Post Number: 108
|Posted on Sunday, 24 April, 2016 - 09:12 pm: |
Thank you to all who gave me advice and pointers on exracting my speedo and the dismantling of same.
I can see how the hidden screw in the bottom right of the dash timber would have been a huge problem and probably would have ended up in a breakage.
The job was a bit time consuming but very easy, thanks to you guys. Below are a few images as to what I found.
Facia easily removed. Note missing fuel gauge screws.
After disassembling speedo, found melted and baked hard grommets. The offending one had melted towards 6oclock, thus 99% covering the light path to the green filtered repeater on the speedo dial.
I constructed a new grommet from some very thin rubber and held in place with a Dad's favourite thing, a zip tie.
I was surprised to find out the whole dash is plywood.
The broken wire is the high beam indicator.
It just basically fell off.
A quick solder and all is well.
The finished result made me
Thank you for taking the time to respond and help me do a job I actually enjoyed doing.
Post Number: 246
|Posted on Sunday, 24 April, 2016 - 11:54 pm: |
Well done, Patrick!
Post Number: 12
|Posted on Monday, 25 April, 2016 - 12:20 am: |
Good news ! Thanks for the pictures.
Post Number: 1201
|Posted on Monday, 25 April, 2016 - 01:34 am: |
Nice job well done.
It's strange the rubber "grommet" has melted as these warning lights are only on for short duration.
The blue filters that surround the speedo illuminating bulbs on my car had melted. I removed them. Since I had already fitted LEDs it was just a case of painting the LEDs with blue enamel paint of the correct shade. Result is a nice bright speedo gauge at night.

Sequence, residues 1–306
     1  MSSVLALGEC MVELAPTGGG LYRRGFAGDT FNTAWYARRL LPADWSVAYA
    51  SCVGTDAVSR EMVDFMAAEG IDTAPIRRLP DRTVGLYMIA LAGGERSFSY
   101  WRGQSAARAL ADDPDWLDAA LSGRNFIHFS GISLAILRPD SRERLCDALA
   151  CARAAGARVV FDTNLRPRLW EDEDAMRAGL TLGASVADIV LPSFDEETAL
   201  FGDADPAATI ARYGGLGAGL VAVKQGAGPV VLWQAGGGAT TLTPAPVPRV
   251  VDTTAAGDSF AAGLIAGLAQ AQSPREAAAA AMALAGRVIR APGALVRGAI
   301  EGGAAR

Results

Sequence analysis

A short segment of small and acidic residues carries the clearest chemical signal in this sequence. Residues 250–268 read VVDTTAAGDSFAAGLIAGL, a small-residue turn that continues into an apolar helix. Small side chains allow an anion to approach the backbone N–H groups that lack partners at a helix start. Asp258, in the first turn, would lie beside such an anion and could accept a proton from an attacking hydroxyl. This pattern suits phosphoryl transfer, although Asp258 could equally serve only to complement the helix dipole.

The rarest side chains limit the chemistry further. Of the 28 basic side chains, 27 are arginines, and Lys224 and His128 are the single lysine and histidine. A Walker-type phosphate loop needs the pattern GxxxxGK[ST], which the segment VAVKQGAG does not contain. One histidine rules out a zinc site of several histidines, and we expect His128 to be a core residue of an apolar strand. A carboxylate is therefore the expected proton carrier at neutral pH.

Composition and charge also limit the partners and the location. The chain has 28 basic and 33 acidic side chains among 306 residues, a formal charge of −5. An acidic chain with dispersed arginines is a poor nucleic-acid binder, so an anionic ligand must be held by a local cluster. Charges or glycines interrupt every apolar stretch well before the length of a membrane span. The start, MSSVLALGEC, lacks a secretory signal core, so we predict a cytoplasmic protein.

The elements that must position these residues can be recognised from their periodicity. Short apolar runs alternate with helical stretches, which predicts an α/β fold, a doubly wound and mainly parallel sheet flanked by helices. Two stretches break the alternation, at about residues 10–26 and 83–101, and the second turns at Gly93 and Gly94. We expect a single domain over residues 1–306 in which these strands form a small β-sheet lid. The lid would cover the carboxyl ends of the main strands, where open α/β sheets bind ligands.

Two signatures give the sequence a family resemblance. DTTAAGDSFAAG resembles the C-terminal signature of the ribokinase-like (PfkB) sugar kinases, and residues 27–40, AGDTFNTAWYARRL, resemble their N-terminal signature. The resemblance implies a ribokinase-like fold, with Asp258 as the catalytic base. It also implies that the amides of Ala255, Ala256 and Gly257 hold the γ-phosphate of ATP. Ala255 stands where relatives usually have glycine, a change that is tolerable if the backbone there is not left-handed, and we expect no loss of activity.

Post Number: 1202
|Posted on Monday, 25 April, 2016 - 01:36 am: |
BTW - Was the rubber pad that sits on top of the steering column cover just resting there or was there a clip on your car.
Post Number: 988
|Posted on Monday, 25 April, 2016 - 03:42 am: |
Super job, nice to see the speedo digets all lined up, this one has not been clocked as so many others I see.
Post Number: 109
|Posted on Monday, 25 April, 2016 - 07:56 am: |
Thanks guys for the replies.
I actually enjoyed the job and it's quite an easy dash to work on.
Of interest the entire back of the speedo, wires globes speedo cable the lot is accessed with heaps of room once the fuse panel is dropped. 30 seconds to change globes if needed in future.
Yes Geoff, I was surprised at the melting as well, plus they were baked solid, and when I touched them , they just turned to black particles. As you rightly say, it's not like the speedo lights themselves, they don't operate much.
No, my pad just sits there, quite odd when you think about it.
The rest of the speedo was all perfect.
Omar M. Shams
Post Number: 585
|Posted on Monday, 25 April, 2016 - 02:10 pm: |
the melting is never to do with the heat that the bulbs give out. I think it is to do with cabin temperature cycles when the car is parked in direct sunlight. The heat builds up inside the glass house you call your car and if the conditions are right the speedo acts as a magnifying glass as the sun shines directly at it causing localised heat spots.
Just a theory.
Post Number: 110
|Posted on Monday, 25 April, 2016 - 06:24 pm: |
I can see just that happening.
After 43 y arms of Australian sun on and off, your theory could be spot on.